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Holding mashed potatoes for service - Page 2

post #31 of 43

 I wish I had found this site earlier and asked this question earlier!!  I was just in a situation where I needed mashed potatoes for 170 persons.  I work in a church kitchen where I have two "home" ovens with electric stove tops, but industrial size pots and pans. We opted to use canned/cooked potatoes (pomme de terre), where we drained, rinsed, and heated, then HAND mash (my volunteer refused to use the mixer, saying it would make them too runny and flat) with plenty of butter and cream and creme fraiche, salt and white pepper.  We put it in tin foil disposable roasting containers to serve.  My question, is for this many people and with the available oven space....we had 50K of turkey baking and could only use the stove top....what would be your way to get mashed to the masses, along with the rest of Thanksgiving dinner?

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post #32 of 43

1.  Batches.  When you're doing large quantities in or on small equipment, you've got to think "batches."

 

2.  Shoot the volunteer and get someone else.  The last thing you want is a helper with opinions.  Especially wrong ones. 

 

3.  Boil the potatoes at the last possible minute in salted water, turn off the flame when they are between almost and barely cooked, and hold them covered in hot water to let them drift into done.  You've got about a half hour window of acceptability.  If the spuds get a little mushy, so what?  You're mashing them anyway. 

 

4.  Bring a mixture of of milk and heavy cream nearly to the boil.  Season it lightly with salt and nutmeg.  Cover and turn the heat down to a bare simmer.

 

5.  Drain the potatoes into a dry pot, and cook them briefly on your hottest flame to get rid of excess water.  Water is not your friend.  Drying the potatoes will make them fluffy.  A good thing.

 

6.  Place the warmed, dry potatoes in the stand mixer in whatever amount your mixer can handle.  Add your dairy mixture very hot to bring some heat to the potatoes.  Then add cold butter because cold butter makes for better texture and tastes better.  Adjust for salt.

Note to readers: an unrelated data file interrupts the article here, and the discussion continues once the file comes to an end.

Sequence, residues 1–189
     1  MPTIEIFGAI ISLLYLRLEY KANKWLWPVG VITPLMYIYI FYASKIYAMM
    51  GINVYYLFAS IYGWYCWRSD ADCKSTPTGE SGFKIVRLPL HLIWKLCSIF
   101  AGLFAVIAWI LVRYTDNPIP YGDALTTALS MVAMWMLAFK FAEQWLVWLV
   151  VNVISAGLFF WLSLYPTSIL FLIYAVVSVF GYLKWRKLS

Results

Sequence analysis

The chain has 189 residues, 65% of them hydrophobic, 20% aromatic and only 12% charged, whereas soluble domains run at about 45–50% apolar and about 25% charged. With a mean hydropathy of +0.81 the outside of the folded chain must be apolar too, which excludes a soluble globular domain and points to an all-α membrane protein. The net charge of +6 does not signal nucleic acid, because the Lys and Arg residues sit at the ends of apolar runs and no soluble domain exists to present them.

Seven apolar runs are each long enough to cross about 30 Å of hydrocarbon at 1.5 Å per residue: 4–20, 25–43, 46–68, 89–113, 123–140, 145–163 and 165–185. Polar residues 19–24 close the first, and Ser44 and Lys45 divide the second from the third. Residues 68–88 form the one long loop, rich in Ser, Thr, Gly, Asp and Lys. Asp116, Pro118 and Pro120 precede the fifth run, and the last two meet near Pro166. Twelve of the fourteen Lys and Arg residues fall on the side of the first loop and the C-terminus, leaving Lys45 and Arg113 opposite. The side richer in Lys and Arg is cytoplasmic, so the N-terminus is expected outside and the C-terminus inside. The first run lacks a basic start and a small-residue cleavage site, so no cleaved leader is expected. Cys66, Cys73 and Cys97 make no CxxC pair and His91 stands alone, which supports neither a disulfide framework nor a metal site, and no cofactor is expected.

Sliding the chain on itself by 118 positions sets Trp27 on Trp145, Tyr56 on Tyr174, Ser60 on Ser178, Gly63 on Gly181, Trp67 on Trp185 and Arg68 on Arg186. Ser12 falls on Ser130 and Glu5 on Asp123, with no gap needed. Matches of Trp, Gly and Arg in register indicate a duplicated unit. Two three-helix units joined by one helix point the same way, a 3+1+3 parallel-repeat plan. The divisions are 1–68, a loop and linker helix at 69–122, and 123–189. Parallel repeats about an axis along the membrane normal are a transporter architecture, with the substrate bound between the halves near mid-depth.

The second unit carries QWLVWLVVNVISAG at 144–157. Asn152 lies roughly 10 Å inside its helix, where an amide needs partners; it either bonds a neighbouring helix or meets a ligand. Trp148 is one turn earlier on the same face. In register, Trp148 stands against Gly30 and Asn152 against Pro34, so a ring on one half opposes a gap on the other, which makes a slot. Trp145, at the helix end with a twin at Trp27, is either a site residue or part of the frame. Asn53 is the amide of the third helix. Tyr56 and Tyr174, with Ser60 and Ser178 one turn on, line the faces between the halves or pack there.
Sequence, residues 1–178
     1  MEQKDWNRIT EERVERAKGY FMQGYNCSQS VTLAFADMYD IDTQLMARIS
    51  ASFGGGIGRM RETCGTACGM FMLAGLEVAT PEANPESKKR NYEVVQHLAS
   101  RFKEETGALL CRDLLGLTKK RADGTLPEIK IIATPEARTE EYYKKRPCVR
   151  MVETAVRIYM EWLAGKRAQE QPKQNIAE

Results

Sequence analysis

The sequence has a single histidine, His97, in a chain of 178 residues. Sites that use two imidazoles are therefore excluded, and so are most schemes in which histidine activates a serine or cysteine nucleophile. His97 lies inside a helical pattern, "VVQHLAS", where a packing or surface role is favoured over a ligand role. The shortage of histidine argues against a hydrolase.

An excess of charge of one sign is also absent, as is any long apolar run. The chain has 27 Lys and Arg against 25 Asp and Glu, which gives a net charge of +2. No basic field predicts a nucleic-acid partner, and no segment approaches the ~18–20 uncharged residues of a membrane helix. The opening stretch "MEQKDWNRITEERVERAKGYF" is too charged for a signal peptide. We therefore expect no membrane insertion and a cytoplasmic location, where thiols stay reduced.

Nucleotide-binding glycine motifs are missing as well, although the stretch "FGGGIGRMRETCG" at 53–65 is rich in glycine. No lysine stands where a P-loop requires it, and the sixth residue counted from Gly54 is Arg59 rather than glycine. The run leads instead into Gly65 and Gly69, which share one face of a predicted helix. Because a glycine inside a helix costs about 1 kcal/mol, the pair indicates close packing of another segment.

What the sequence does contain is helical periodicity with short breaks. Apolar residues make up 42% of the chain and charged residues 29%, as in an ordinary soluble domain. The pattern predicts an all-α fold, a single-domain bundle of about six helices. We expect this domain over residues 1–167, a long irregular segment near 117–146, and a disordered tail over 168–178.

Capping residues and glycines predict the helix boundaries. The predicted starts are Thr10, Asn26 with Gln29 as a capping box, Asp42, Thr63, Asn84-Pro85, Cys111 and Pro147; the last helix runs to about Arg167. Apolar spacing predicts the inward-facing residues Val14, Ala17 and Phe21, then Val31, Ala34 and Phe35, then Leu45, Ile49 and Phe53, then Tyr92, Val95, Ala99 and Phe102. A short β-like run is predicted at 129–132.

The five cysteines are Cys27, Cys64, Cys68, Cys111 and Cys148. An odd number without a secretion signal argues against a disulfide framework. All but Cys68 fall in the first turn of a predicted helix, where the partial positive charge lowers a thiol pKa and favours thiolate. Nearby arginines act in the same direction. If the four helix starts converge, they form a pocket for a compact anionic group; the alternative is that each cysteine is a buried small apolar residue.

BDL

post #33 of 43

This is what I used to do for mash potato on service.

You boil your potatoes then rapidly cool and mash them. Put them into containers and make sure it safe ice cold.

Then you reheat it when you want it with you butter, cream cheese etc. There is nothing wrong with this method all you have to do is ensure the potatoes are hot! You do them 5 min service of the item.

post #34 of 43

Mashed potatoes can be done relatively effortlessly.. I've never really done them in advance, but the prep cooks at a restaurant I just recently left (terrible working conditions, no one really cares about food -- or knows what they're doing for that matter, and even worse management) would do them in large batches (usually eight four-inch hotel pans) at a time and store them over the next couple days. While I prefer doing my mashed just before service, they didn't hold too badly. I think the trick would be not to pipe them out until service.. leave them covered in a pan until then, and make sure you mix them well before piping too.

post #35 of 43

I would just make a recipe of "Make Ahead Mashed Potatoes".  They are supposed to hold for something like 2 weeks.  I like the flavor of them better than regular.  I can look for my recipe but it doesn't have milk in it....just cream cheese and sour cream.  Let me know if you are interested in the recipe.  

post #36 of 43

Make ahead mashed potatoes??? Hold for two weeks??? Another housewife's recipe for disaster.